In Children's Services, cost pressures arose from an increased number of Looked After Children. Net growth in Children and Young People Services Revenue Budget 2012/13 included £157,000 to meet the Welsh Government national minimal allowance for foster payments. The increase in Children's Out of County Placements was estimated as £1.1 million. In order to address this, additional funding of £600,000 had been provided, with the service taking action to manage placements to meet the balance as part of the Social Services Budget Plan.
In Adult Services, cost pressures arose from:
· The Welsh Government (WG) introducing the First Steps Improvement Package guidance, which required the Council to introduce a £50 cap on charges for non-residential care services.As at September 2011, the resultant net reduction in income that the Council had to bear was estimated at £650,000. Since that date, there had been continuous growth in the number of clients and consequently, the full year impact was now estimated to have increased to £1.4 million and there was a potential that this could rise further.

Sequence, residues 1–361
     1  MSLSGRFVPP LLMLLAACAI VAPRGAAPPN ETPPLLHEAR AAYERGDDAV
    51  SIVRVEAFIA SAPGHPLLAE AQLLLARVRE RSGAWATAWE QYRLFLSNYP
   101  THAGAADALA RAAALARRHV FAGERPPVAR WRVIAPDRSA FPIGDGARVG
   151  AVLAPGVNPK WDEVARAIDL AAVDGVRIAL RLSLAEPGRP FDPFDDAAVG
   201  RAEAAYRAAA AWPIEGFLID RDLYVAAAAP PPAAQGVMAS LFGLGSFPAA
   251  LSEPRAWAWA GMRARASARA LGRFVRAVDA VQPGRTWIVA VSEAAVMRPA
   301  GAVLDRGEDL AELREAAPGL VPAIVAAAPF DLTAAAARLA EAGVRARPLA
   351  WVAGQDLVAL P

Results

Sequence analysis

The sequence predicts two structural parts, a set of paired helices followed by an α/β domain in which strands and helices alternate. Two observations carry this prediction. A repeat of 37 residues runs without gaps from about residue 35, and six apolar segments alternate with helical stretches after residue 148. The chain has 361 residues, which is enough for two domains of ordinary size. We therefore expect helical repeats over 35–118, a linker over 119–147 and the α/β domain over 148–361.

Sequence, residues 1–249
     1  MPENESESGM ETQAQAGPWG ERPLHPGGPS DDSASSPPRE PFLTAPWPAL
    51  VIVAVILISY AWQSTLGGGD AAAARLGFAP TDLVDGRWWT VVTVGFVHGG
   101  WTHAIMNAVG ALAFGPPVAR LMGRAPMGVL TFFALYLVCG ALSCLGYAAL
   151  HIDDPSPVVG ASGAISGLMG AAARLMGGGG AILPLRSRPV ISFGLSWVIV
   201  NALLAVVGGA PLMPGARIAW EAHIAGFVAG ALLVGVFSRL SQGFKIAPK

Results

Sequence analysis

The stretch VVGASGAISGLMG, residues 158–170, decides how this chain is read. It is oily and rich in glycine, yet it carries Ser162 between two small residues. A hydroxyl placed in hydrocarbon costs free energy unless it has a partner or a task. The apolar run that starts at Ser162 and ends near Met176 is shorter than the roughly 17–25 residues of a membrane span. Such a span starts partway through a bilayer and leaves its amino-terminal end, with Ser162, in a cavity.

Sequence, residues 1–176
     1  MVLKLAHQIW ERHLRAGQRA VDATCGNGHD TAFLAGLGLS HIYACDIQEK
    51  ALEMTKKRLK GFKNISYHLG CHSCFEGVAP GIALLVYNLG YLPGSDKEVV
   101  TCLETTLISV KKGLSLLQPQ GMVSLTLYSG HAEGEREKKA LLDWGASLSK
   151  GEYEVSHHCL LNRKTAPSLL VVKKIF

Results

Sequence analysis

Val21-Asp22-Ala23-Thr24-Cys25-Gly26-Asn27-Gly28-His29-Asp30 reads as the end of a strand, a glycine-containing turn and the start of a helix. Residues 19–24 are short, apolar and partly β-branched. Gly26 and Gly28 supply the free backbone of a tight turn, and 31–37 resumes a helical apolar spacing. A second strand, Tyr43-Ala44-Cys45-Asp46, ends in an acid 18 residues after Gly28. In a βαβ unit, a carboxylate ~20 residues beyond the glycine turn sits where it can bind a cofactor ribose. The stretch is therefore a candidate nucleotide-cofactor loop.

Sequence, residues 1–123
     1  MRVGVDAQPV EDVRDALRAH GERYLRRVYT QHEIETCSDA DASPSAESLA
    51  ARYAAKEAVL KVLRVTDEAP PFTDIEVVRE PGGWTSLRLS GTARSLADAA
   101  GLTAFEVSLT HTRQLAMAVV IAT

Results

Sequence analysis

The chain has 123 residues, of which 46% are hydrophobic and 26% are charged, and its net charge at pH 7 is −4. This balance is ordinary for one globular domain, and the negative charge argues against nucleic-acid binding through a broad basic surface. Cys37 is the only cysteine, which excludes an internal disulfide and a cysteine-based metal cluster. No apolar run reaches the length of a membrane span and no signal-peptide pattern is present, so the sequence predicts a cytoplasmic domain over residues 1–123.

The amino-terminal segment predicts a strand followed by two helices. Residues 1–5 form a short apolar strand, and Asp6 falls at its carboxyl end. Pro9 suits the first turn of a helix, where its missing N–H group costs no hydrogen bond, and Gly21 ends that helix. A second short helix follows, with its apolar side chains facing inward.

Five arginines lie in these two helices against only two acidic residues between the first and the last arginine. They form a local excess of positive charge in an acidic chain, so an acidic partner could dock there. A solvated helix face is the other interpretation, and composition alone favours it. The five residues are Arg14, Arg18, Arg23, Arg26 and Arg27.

· The challenging demographic picture in respect of older people and people with very complex needs because of enduring disabilities.
· A 13% rise in residential care home fees, caused in part by the WG guidance on commissioning.
· The current state of the economy which had an inevitable impact on the demand for state funded social care.
The Adult Services budget for 2012/13 had been increased by £98,000 to meet increasing numbers of young people with learning disabilities and £402,000 to meet increasing numbers of older people and people with a mental health problem. An additional sum of £300,000 was also included for past demographic growth. The ongoing impact of increases in care home fees above the level of inflation was estimated at £506,000 and Social Services had been given growth of £250,000. Adult Services were expected to find the remainder of just over 50% through efficiency savings and service redesign.
At the time the 2012/13 budget was drafted, it was estimated that there was an underlying overspend of £3,220,000 to be recovered in future years. This assumed that WG would fund all the costs relating to the First Steps Implementation Package currently estimated at £1,776,000 (of which £373,000 had been funded by WG to date).
Given this challenging context, it was essential that the Council had in place a coherent strategy for securing financial stability within the resources available.